As the pandemic is ensuring that we move towards the digital space and the government is continuing to wreak havoc on dissenters, ICF is attempting to get a sense of the changing cultural space around us by talking to people from varied fields.
In this conversation with Daniya, renowned graphic artist Orijit Sen talks about his works; censorship and trolling; reclaiming the physical space and much more.
Daniya Rahman (DR): A lot of your work is a funny and satirical take on topics that are often fearful and tragic. How do you do that? Do you not fear that these works can easily slip into bad taste?
Orijit Sen (OS): I think taste is a problematic thing in any case. I question the idea of good taste and bad taste because it's very contextual. That's on one level. At another level I would say I don't think the work either originates in humor or ends in humour. Humour is just a medium. My work originates usually in anger or in some kind of sorrow or pain and I use humour to channelise those feelings. In the end, I try, through humour, to communicate those feelings to my audience. I don’t think in terms of good taste or bad taste, in fact if it offends some people's sense of taste, it's only for the better.
DR: Your satire is quite provocative and many people easily take offense. So, many times your posts have been taken down from Facebook, for instance. How do you respond to the censorship and trolling?
OS: In the cases where I've been censored by Facebook, I wait for the point when I’m allowed back online and use that medium itself to talk about censorship. It's usually kind of effective in the sense that I get a lot of support when I talk about having been censored because it's something that obviously affects everybody. I mean the idea is that social media is used to kind of put out our views or engage in conversations but at the same time you can be censored on it. Nobody likes this, it's against everybody’s interests. So I use the medium to talk about that. So in a way, I think it helps not just me or those who support me but also it gets the message out to the people who are doing the censoring.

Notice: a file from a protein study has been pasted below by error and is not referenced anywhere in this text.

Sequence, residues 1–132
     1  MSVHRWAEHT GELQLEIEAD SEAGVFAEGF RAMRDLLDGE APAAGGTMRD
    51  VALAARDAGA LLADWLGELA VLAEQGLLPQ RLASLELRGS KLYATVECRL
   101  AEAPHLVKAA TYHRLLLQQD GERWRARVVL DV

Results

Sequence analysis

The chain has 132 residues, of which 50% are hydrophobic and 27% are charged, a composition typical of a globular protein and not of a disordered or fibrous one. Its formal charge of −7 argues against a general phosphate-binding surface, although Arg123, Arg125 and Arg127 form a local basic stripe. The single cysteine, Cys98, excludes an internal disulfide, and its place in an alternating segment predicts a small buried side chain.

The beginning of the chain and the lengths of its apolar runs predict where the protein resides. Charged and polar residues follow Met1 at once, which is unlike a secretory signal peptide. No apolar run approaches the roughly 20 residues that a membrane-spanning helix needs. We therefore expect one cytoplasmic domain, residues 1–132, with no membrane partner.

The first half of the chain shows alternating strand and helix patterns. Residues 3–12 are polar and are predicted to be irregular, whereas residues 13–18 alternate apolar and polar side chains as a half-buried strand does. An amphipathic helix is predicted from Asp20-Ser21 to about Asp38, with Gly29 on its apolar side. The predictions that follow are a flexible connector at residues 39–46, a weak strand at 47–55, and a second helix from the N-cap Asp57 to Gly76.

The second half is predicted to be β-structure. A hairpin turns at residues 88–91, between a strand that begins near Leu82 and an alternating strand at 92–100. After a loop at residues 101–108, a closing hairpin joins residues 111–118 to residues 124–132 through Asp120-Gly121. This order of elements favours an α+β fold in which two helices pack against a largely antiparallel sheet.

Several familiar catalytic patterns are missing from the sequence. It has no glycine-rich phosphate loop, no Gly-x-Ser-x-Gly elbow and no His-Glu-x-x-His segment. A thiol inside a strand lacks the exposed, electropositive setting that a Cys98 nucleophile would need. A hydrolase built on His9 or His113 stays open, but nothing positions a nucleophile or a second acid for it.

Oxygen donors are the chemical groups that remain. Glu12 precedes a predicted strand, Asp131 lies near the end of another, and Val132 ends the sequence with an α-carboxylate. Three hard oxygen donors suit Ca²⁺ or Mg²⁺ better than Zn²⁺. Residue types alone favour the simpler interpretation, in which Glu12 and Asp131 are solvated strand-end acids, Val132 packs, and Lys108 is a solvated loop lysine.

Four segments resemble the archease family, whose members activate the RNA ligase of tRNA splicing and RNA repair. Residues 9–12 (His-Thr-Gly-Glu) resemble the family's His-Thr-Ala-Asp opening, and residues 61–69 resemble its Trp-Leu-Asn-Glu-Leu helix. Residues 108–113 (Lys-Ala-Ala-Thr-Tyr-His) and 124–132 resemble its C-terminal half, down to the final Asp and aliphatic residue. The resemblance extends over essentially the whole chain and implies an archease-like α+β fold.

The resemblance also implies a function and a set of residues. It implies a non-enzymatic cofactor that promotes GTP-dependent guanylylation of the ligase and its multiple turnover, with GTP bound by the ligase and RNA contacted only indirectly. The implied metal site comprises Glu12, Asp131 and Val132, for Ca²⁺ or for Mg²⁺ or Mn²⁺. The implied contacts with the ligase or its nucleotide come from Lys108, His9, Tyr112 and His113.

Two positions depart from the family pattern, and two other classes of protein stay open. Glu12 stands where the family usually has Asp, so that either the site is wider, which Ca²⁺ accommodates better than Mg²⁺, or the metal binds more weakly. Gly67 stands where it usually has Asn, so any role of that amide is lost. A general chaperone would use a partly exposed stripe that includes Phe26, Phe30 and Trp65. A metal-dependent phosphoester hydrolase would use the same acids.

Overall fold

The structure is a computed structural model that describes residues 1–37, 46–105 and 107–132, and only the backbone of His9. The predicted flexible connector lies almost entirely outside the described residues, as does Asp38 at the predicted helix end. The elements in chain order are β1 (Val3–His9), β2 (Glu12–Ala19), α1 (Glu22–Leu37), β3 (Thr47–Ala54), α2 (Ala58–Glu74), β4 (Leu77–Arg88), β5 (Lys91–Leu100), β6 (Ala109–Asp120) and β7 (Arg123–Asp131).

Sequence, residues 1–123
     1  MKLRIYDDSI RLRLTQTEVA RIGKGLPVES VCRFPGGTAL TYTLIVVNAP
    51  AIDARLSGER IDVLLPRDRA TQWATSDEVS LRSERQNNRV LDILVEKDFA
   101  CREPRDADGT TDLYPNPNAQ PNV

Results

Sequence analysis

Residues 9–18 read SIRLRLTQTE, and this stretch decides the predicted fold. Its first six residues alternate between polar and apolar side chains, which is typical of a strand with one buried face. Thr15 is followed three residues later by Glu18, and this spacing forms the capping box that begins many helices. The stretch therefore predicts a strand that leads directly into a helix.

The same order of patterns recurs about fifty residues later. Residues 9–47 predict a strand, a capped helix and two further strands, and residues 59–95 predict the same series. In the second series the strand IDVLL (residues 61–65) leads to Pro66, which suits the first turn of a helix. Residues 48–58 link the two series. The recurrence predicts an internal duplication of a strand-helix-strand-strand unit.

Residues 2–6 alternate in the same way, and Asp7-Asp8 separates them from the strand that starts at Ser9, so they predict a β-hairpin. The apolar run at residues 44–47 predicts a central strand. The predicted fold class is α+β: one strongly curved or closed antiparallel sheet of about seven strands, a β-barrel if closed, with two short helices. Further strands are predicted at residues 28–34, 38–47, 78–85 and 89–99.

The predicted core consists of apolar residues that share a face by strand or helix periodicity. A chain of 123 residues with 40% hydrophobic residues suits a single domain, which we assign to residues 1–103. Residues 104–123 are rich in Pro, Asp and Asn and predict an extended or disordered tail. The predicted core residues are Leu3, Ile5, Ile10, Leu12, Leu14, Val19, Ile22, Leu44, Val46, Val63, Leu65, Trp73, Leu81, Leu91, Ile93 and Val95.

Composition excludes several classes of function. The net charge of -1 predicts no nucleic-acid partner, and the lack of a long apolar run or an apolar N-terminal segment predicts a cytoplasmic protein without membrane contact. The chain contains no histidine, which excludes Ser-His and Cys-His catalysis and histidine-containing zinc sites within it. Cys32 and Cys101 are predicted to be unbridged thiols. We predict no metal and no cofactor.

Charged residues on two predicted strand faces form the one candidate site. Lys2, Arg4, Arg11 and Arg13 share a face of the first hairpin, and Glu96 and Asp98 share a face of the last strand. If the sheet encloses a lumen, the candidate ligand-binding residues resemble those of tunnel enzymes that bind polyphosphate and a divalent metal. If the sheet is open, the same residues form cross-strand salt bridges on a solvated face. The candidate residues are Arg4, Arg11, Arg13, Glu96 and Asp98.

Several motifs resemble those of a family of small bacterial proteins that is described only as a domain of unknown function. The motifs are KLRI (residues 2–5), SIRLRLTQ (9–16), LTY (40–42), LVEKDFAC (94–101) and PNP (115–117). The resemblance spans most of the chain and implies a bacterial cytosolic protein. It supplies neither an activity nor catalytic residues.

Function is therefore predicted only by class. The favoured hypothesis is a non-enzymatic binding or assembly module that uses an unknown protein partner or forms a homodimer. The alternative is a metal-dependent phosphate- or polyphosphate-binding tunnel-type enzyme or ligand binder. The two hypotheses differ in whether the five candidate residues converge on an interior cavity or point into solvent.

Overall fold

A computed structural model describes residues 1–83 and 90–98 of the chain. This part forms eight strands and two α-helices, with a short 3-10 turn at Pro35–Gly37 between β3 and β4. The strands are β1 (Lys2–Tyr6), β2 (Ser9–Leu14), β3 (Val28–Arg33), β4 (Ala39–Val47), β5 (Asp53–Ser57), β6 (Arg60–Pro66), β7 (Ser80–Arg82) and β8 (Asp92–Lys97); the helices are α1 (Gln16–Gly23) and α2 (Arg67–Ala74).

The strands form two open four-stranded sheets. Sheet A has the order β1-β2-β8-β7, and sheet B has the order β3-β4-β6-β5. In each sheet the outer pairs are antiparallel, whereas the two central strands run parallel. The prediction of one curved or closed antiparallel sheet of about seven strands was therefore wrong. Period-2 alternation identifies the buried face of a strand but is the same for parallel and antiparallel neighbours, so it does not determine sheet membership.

When it comes to trolling, I have basically developed a thick skin for trolls so I don't care. If there’s a lot of abuse and bad language and like that, I just delete them and block them. If the trolling is not very intense, I just leave it for other people to see what kind of reaction is coming.
DR: People speaking against the government are increasingly being hounded and persecuted. In such times, have you ever been in two minds about sharing your works since they are so unabashedly critical of the government?
OS: Yes. I mean this has been always the case and I do feel scared at times, but I feel all the more that at this time one has to not succumb to that because I think the most insidious and dangerous form of censorship is self censorship. I, in fact, started to post a lot of my words on Facebook around 2014 before Modi actually became prime minister. There was this episode where Penguin withdrew its book called The Hindus because of some threats from some obscure organisation and that really made me sit up and take notice because I was like, wow, a huge international long-established and well-known kind of publishing house is scared that some obscure organisations will just pop up and start issuing threats. That was really a scary situation and it was time that all of us who are artists, writers and others, question the idea of being silenced in this way. And so, yes, I am fearful at times, but I try and overcome that and go ahead with what I'm doing.
DR: In all probability, large gatherings will not be allowed for a while to come and everyone is anticipating a move towards the digital space. Yet, in a country like India, that space still remains out of the reach of a large number, whether it is artists/performers or spectators. Who do you see being left out? What kind of interventions would be required to bridge this gap?